In short, there is a lot of history---even a lot of Big Ten conference history---that precedes the placement of the Michigan-Ohio State game at the conclusion of each team’s schedule, so it should shock exactly no one that the league’s second expansion in a 20-year period may restore the status quo ante 1935. The corollary to that is this:
Georgia ended the season against Georgia Tech for the first time in 1927, nearly a decade after Michigan ended the season against Ohio State for the first time. Notwithstanding the 2001 aberration as a result of the September 11 terrorist attacks, Georgia permanently placed Georgia Tech at the end of the Bulldogs’ schedule in 1953, nearly two decades after Michigan permanently placed Ohio State at the end of the Wolverines’ schedule.
Our in-state rivalry has less history as a season-ending showdown than the Big Ten border war. If they can move their game, we can move ours. The case for doing so is especially compelling, in light of the relative degrees to which circumstances have changed in both series since both became locked in at the end of the schedule.
For all the sturm und drang that went on this summer, the Big Ten is a remarkably stable league. Eight of the eleven current members joined the conference prior to the turn of the 20th century, and Nebraska is about to become the second new member admitted after 1950 and the third after 1912. The pace of growth in the Midwestern athletic association since Michigan and Ohio State agreed to knock heads in late November every year has been glacial. (Insert your "SEC speed!" joke here.)
The same cannot be said for the situation in the South since the Bulldogs and the Yellow Jackets made ending the autumn against one another an annual thing. In the last half-century, two teams have left the SEC and two more have joined, Georgia Tech has tried life as a football independent and subsequently joined the ACC, and the transition from conference rivals to non-conference rivals has been made more challenging for Georgia and Georgia Tech alike by the expanding of their respective leagues to twelve teams arrayed in two divisions.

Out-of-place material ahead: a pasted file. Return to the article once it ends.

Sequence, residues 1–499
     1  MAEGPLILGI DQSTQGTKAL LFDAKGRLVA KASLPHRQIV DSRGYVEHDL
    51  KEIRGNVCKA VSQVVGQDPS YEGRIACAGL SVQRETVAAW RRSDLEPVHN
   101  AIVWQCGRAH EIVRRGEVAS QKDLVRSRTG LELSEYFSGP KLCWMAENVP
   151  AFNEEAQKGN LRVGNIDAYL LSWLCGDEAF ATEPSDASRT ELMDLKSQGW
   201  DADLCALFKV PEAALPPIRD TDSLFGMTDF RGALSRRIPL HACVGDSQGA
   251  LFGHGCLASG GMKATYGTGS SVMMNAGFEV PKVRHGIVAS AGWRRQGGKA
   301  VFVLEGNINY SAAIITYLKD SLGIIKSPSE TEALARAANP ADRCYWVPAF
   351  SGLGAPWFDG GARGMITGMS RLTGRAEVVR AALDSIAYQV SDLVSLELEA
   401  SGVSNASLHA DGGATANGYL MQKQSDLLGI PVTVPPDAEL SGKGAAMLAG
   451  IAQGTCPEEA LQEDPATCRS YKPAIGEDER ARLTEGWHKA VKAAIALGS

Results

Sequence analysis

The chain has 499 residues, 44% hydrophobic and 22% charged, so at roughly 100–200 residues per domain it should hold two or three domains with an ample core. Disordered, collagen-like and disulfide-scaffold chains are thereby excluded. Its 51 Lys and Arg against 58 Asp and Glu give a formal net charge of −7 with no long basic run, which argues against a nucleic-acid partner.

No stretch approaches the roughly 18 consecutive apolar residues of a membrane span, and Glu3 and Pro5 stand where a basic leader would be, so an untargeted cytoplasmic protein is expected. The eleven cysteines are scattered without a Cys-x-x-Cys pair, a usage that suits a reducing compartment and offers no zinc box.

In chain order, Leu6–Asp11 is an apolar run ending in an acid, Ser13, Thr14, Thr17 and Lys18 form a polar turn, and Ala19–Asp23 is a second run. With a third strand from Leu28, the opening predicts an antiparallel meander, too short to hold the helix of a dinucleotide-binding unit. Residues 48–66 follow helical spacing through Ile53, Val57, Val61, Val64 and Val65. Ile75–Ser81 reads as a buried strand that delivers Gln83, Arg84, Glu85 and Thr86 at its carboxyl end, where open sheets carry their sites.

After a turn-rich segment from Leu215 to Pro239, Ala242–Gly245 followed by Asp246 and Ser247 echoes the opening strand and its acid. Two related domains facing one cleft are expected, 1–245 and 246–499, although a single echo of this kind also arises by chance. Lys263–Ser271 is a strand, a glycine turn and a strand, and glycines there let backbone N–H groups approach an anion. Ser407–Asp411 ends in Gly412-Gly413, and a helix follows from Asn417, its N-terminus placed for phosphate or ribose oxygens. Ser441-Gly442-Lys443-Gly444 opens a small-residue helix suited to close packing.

Michigan and Ohio State have never ended a season against each other except as conference rivals; Georgia and Georgia Tech last clashed as league foes on the Saturday after John F. Kennedy’s funeral. Midwestern football has undergone incremental adjustments which may necessitate this move; Southern football has changed dramatically since "clean old-fashioned hate" became a Thanksgiving fixture for reasons no longer relevant to the world in which we are living.
With whom would we replace the Yellow Jackets on the final Saturday of the season? My preference would be Auburn; the Plainsmen are the Bulldogs’ oldest rival, against whom the Red and Black closed out the season 18 times in the first 23 years of Georgia football. If folks would like to go out of conference, I’d be happy with Clemson; five times in their history, the Country Gentlemen have ended their campaign against the Athenians, with four of those clashes taking place on Thanksgiving Day. (I love Georgia/Auburn/Clemson rivalry trivia!)
The more likely and probably better course, though, would be for the ‘Dawgs to wrap up their regular-season slate against an SEC East opponent. Let Tennessee decide whether it is more important for the Volunteers to close out the campaign against Kentucky or Vanderbilt, and let Georgia square off with whichever one the Big Orange doesn’t choose. Let South Carolina go back to playing Clemson earlier in the year---"Big Thursday" matched the Palmetto State combatants in a midseason weekday contest from 1896 until 1959, and the two teams did not face off in a season-ender before 1962---and let us get the Gamecocks during their November swoon instead of during their early surge. Let Florida face Florida State sooner on the slate---the Saurians and the Seminoles met in September or October on eleven occasions between 1960 and 1976---and move the World’s Largest Outdoor Cocktail Party to a holiday weekend. Any of those options would elevate the importance of the Bulldogs’ final game, which would count in the conference standings and could determine whether Georgia wins the East. Better to end the regular season playing for a trip to Atlanta than playing in Atlanta, I say.
For the love of all things holy, though, let’s quit giving the Yellow Jackets pride of place on our schedule. Get that game out of the way earlier so we can focus on our Southeastern Conference slate. If Michigan and Ohio State can bump their contest to an earlier date, so can Georgia and Georgia Tech. The timing would be cleaner, more old-fashioned, and just as fueled as we need it to be with hate.